At church on Sunday morning, Miss Katherine walked sprightly down the side aisle. “How are you?” I asked. She responded with a brief but honest comment about her 94-year-old body’s less-than-perfect condition; and then she added, “And thankful.”
In less than twenty words, she illustrated an excellent way to communicate. She was both open and positive. I have a hard time relating to people who are always and only positive. I don’t feel as if I have an invitation to share needs with them. On the opposite end of the spectrum, few of us enjoy being around people who don’t seem to have anything positive to say about their situation.
You know the old description of some people seeing a situation as a glass half empty while others see the same situation as a glass half full. Miss Katherine gave me a half-full summary with the added bonus of gratitude. Earlier on Sunday morning when Ray, Mother, and I left for church, I spotted these two beautiful spider webs.
I suppose some people might see them as works of art while others see them as something to clean off the shepherd’s hook. Miss Katherine’s answer was in keeping with the attitude Paul told the Philippians to have when they talked to God. He told them:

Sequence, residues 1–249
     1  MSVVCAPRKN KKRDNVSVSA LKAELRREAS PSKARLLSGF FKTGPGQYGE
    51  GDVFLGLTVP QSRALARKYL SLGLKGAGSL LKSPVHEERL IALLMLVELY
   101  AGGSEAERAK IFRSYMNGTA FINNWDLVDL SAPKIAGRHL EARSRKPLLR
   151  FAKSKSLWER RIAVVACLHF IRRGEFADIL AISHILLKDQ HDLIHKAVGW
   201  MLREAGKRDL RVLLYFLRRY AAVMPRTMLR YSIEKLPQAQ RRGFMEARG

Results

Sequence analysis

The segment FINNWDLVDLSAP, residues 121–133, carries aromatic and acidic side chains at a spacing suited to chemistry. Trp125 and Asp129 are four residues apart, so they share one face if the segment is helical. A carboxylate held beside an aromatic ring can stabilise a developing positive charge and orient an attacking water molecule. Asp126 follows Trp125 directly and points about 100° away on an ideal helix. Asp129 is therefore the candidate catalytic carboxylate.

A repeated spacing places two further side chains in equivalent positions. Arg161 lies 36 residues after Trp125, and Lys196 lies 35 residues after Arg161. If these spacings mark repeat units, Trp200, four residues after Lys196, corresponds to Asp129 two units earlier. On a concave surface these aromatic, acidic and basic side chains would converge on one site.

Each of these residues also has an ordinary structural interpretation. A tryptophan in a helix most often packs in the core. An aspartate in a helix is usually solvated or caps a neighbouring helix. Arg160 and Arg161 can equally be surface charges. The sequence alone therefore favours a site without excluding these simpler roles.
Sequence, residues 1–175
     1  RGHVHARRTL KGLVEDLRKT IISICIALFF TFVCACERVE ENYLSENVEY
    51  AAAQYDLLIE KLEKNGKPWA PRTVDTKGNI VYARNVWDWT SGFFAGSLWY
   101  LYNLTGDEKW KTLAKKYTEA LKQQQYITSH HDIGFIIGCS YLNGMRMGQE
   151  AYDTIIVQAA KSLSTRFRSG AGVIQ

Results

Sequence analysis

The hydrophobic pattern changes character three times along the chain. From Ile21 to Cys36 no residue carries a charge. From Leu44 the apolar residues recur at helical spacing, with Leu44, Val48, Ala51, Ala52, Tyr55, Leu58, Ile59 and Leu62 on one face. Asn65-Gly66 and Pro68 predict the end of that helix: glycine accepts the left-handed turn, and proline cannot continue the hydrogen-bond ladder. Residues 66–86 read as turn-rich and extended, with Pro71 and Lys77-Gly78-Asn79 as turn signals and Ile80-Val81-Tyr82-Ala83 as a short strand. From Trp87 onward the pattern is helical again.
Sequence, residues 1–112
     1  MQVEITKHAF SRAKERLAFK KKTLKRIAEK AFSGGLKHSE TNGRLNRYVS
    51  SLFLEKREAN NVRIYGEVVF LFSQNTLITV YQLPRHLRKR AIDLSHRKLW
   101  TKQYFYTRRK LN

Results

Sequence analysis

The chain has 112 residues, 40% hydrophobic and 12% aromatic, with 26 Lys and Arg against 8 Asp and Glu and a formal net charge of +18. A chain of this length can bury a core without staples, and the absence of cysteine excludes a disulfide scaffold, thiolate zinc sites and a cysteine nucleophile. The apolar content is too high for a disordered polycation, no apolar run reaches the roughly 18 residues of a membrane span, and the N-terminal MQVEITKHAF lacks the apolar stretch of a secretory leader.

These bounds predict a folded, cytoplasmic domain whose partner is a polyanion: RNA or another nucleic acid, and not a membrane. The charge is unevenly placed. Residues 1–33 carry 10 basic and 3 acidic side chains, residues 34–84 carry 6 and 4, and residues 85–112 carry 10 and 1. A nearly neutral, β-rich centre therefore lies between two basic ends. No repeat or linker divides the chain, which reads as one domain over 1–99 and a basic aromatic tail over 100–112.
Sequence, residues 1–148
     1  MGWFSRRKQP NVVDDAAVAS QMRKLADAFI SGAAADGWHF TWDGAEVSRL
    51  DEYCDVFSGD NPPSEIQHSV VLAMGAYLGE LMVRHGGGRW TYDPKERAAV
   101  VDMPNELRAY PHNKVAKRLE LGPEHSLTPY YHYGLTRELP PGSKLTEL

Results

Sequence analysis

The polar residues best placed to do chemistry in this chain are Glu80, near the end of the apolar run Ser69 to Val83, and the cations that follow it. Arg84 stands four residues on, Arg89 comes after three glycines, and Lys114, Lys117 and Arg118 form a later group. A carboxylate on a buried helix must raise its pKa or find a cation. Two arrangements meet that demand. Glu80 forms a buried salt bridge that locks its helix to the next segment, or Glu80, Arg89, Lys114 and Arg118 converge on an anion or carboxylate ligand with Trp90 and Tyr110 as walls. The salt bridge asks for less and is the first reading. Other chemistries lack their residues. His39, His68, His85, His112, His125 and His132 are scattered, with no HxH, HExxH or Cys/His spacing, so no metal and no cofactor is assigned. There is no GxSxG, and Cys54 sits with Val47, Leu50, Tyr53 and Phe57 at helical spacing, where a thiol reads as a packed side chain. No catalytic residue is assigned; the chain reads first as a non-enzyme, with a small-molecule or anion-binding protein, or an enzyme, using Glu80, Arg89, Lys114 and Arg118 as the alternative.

Be anxious for nothing,
but in everything by prayer and supplication
let your requests be made known to God.
God’s gift of prayer is an invitation to be open and honest about our needs. That alone deserves our gratitude, not to mention all the other things God does for us. He wants us to express that gratitude.
Our children need from us the same thing we need from God. They need an open, all-the-time invitation to be open and honest about what is in their hearts. At the same time, we should teach them not simply to complain while we help them to cultivate a grateful heart. Our own honesty combined with grateful hearts is a powerful example to them.
Devote yourselves to prayer,
keeping alert in it with an attitude of thanksgiving . . .